“During trailer loading, sometimes there are not enough trailers available,” JBT’s McConney explains. “In that case, the AGV helps take loads to a staging area near the loading dock. This helps to avoid waiting for pallets, or waiting for product to come off the line, and product is ready to load [when the trailer arrives].”
During the staging process of block stacking pallets, SKUs can be tracked by the AGV software system to record what is being stored on the floor. In other cases, robotic lift trucks might be trained to entirely manage tasks solo.
“Standard lift trucks are outfitted with infrastructure-free navigation technology to allow them to function autonomously, moving and lifting/lowering — all without a human operator,” Yale’s Micheletto says. “Their deployment allows labor to be redeployed to more value-added roles, leaving robotic lift trucks to handle repetitive, low-value tasks like point-to-point load transportation.”
Eye on performance
The benefit of AGVs is not only the ability to perform many jobs on the warehouse floor — with or without a human — but also ease of adjustment. In the case of a floor layout change, map updates can quickly be made in AGV software. If manual operation is preferred because a machine is needed for an unexpected task, the operator can change settings and control the truck to move a pallet.
“Yale robotic lift trucks are designed with the dual ability of operating independently and being able to change to manual mode with the touch of a button in the event of an unplanned/unique requirement,” Micheletto says.
In the case of Yale trucks, built-in laser technology independently maps a route for the truck to follow.
“Yale robotic lift trucks contain a device at the top of the truck that uses LiDAR technology,” Micheletto explains. “This laser-based technology looks at walls, pillars, racking and other existing structural elements to provide data points for navigation. It builds an internal map by driving around a facility and then comparing its stored map to what it sees in real time.”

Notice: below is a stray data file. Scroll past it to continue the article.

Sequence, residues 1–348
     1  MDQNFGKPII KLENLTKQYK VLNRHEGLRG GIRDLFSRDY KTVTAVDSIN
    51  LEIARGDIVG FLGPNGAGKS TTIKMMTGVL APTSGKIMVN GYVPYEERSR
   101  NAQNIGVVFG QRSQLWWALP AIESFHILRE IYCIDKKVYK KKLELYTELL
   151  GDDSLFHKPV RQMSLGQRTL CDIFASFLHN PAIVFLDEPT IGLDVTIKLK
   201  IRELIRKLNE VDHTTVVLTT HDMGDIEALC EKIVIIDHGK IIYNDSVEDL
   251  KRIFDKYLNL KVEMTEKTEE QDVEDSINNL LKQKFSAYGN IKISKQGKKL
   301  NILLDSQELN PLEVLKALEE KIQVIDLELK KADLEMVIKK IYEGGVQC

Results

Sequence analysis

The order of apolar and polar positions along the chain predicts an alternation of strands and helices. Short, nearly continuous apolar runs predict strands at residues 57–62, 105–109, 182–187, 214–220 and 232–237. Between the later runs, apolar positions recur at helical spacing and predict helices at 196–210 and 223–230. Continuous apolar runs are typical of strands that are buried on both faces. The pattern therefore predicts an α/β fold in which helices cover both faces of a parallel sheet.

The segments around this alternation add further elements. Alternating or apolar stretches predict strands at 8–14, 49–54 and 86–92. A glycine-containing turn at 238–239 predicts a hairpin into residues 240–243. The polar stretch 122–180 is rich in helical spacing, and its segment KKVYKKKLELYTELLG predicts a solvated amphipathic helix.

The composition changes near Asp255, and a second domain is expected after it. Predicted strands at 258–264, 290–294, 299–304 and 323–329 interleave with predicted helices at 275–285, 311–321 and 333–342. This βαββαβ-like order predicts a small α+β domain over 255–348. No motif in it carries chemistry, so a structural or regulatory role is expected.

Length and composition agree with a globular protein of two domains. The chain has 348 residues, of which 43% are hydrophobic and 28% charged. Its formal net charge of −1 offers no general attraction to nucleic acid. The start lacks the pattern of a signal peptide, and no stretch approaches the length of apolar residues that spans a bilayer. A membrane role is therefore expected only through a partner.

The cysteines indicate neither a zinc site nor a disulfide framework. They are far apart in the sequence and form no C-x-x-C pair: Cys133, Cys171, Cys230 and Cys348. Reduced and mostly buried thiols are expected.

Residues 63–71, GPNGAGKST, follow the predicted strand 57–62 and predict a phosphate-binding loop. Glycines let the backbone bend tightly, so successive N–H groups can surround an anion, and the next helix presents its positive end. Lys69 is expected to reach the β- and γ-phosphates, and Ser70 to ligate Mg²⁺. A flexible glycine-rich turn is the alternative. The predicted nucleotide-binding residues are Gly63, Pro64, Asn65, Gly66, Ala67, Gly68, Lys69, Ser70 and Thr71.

In addition to this navigation technology, JBT has been investing in 3-D technology for imaging to better track pallet activity.
“The advances in imaging more accurately scans fork pockets and pallet openings as well as racking to more easily pick pallets,” JBT’s McConney says. “This enables vehicles to be more agile within a warehouse and eliminate the pausing or intrinsic thinking time and verification process, in addition to steering clear of humans.”
The automation extends beyond the warehouse, however. In companies taking advantage of AGVs and advances in technology such as video diagnostics, the software package is a connected experience throughout the warehouse and between raw goods as well as the inventory management process.
JBT automated guided vehicles controlled by SGV Manager software can communicate with Warehouse Management System (WMS) software and plant programmable logic controllers (PLCs) to facilitate movement of empty bottles and finished goods.
But automation can start simply by identifying repeatable tasks and having a plan for expansion, which experts can help define.
“An operation can be implemented through a phased approach, with the initial phase being to simply get the robotic lift trucks moving around and executing load transportation tasks,” Yale’s Micheletto says. “Then, interfacing with the WMS can come as phase two. This enables easier initial adoption and can avoid potential IT roadblocks.” BI